نتیجه گیری انگلیسی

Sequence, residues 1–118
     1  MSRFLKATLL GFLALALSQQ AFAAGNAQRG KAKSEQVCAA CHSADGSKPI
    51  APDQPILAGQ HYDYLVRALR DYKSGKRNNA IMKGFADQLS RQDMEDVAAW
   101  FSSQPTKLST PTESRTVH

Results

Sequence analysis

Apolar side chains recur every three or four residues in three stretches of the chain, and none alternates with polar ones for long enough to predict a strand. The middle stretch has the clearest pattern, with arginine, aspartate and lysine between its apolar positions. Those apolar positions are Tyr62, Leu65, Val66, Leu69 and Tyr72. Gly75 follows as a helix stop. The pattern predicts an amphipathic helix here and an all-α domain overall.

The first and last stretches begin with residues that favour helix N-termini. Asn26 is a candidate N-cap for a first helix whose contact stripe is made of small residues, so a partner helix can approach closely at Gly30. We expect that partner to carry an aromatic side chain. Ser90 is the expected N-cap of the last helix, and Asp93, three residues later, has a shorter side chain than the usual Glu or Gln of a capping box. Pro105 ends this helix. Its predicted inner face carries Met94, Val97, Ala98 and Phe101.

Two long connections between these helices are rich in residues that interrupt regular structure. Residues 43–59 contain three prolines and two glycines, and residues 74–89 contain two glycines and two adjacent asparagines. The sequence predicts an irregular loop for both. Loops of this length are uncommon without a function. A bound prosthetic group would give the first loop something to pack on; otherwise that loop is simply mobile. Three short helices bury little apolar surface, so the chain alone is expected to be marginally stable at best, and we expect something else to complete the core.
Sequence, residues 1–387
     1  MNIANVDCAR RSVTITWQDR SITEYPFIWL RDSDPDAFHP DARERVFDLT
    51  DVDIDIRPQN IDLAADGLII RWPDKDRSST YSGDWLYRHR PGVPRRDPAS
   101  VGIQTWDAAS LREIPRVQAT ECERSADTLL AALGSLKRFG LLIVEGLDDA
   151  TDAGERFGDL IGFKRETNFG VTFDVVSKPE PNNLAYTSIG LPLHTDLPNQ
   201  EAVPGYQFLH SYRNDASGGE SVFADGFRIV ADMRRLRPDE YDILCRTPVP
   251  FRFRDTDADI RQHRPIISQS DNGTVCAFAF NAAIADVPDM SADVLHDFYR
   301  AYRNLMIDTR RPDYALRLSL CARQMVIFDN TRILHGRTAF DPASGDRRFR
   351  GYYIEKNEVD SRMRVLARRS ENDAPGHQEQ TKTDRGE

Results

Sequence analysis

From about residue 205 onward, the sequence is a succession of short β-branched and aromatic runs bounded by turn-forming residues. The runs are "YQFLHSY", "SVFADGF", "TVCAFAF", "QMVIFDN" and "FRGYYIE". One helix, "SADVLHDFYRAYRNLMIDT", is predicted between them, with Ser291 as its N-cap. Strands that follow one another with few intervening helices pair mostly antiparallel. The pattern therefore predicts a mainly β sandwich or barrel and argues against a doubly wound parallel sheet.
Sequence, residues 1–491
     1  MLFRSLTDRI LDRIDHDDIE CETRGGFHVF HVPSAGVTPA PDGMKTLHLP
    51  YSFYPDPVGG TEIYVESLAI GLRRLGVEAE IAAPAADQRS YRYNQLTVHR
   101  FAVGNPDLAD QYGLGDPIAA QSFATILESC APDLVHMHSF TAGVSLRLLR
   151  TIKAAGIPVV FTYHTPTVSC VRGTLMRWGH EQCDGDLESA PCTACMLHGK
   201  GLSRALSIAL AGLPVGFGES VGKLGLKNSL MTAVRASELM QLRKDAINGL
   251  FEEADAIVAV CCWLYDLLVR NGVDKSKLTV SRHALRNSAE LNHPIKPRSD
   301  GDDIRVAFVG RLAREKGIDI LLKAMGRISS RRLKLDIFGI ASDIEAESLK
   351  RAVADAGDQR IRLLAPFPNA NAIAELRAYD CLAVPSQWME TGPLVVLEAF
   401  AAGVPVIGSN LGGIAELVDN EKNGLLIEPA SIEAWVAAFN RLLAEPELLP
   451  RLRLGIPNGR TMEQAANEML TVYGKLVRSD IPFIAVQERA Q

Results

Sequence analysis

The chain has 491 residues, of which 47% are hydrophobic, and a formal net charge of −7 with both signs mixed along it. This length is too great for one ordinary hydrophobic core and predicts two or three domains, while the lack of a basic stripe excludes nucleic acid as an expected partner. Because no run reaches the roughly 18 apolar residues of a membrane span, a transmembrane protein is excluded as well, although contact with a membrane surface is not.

8.1. Implications This study has several implications for practice. First, the lack of a straightforward, positive relationship between education and ethical standards calls for a greater emphasis on the importance of business ethics in higher education curricula. We thus concur with others who have called on policymakers to take a more proactive approach to ensure that ethics represent a central part of any formal education (Aiken, 2004 and Mulligan, 1987). Such an approach should mean that more exposure to education creates a greater awareness of and sensitivity to business ethics and therefore decreases the likelihood that the future self-employed, and others, accept the use of questionable actions to accomplish personal goals. In addition, our exploratory analysis suggests that devoting attention to ethical issues in higher education might be particularly useful in countries characterized by high levels of uncertainty (Fig. 1a), perhaps because the highly educated in these countries are more likely to rationalize unethical behavior as a means to reduce ambiguity and therefore are more prone to maintain lower ethical standards. Second, our study suggests that though it is reasonable to believe that associations may decrease the self-employed's personal strain and therefore enhance their belief that a person can achieve personal goals without having to rely on unethical means, our exploratory analysis also indicates that this functional role of associations only holds in countries characterized by low uncertainty avoidance (Fig. 1b) and high government involvement (Fig. 2a). For instance, associational membership and government involvement might function as substitutes with respect to how the self-employed deal with personal strain. 8.2. Limitations and future research We acknowledge that our study contains some limitations. First, we assess the self-employed's ethical standards by measuring their beliefs about whether certain unethical behaviors are justifiable. Therefore, our dependent variable does not capture the self-employed's actual behavior but rather their attitudes. Although prior research indicates that people's ethical attitudes and behavior are often closely related, this link is not automatic, because a person could believe certain questionable behavior is acceptable but still not engage in that behavior him- or herself (Trevino, 1992). Therefore, and consistent with similar claims made by Ghoshal and Moran (1996), additional research should consider ethical attitudes of the self-employed and their behavior to explore how each may experience differential influences of individual and situational factors. Furthermore, our assessment of the self-employed's ethical attitudes captures their assessments of the acceptability of certain unethical behaviors in general terms, without distinguishing explicitly whether the behavior would be exhibited by others or the respondents themselves. Additional research therefore should examine whether the criteria the self-employed use to assess unethical practices differ when applied to themselves versus others. Second, our independent variables may not cover all possible sources of strain for the self-employed. For example, though we use household income as an indicator of (a lack of) financial wealth, we do not capture access to alternative sources of finance, such as business angel funds or loan guarantees (Verheul and Thurik, 2001). Also, we use the self-employed's educational level to capture their (lack of) intellectual strain, but prior business experience also may be an important means for reducing personal strain (Robinson and Sexton, 1994). Third, our exploratory approach to examining the role of country-level factors does not provide conclusive answers about how these factors interfere with sources of personal strain for the self-employed and their ethical standards. Although our choice of an exploratory approach results from the lack of prior conceptual work that relates country-level characteristics to the self-employed's personal circumstances and ethical attitudes, additional research would benefit from employing more confirmatory techniques to examine the interactions between individual and country-level factors. One methodological approach that might be useful in this respect is hierarchical linear modeling, which, unlike classic regression analysis, can examine relationships between variables measured at different levels of analysis. Similarly, further research would benefit from examining country-level variables other than those presented herein, including cultural (e.g., individualism) or institutional (e.g., government protection of intellectual property) variables. Finally, our study focuses on the ethical standards of the self-employed, which we define as any person who earns a livelihood directly from his or her own business rather than as an employee of another. We make this choice expressly because the self-employed include persons who often confront personal strain as a result of their personal circumstances and therefore may form unique attitudes about whether unethical behavior is acceptable. However, this focus on the self-employed may have led us to overlook factors relevant to entrepreneurship, other than those we include herein, that could be relevant for understanding ethical standards, such as growth orientation or the characteristics of ventures (e.g., firm size, firm age). Further research should explore possible interaction effects between our study's independent variables and other variables that discriminate among different types of entrepreneurs or entrepreneurial ventures. It could be interesting, for instance, to examine whether persons who are in the process of setting up a new venture react differently to personal strain than do their more experienced counterparts. As they experience the trials, errors, and successes related to creating and running a venture, the link between strain and ethical standards may change over time. For instance, seasoned entrepreneurs who have prevailed over adversity may become more immune to the temptation of maintaining lower ethical standards, even when confronted with new challenges that present themselves in their venture's growth trajectory. 8.3. Concluding remarks In this study, we investigate an important area related to entrepreneurship and ethics and thereby shed light on the complex relationships between sources of personal strain and ethical standards among the self-employed. Our findings note that such relationships are not as intuitive as might have been anticipated. For example, the results with regard to the relationship between the self-employed's education level and ethical attitudes may indicate that prevalent educational institutions sometimes overemphasize the importance of economic gains as a desirable outcome, at the expense of ethical considerations. Furthermore, our study points to the role of the broader cultural and institutional context in determining how the self-employed's access to resources, or lack thereof, affects their ethical attitudes. For instance, the preliminary finding that the level of government involvement shapes the relationship between sources of personal strain and ethical attitudes may point to the greater need for sound government action to limit possible unethical behavior, especially in the context of the self-employed. Research should further investigate how these broader environmental factors interfere with the prevalence of ethical attitudes and behaviors among the self-employed and how the development of ethically sound business practices could be promoted.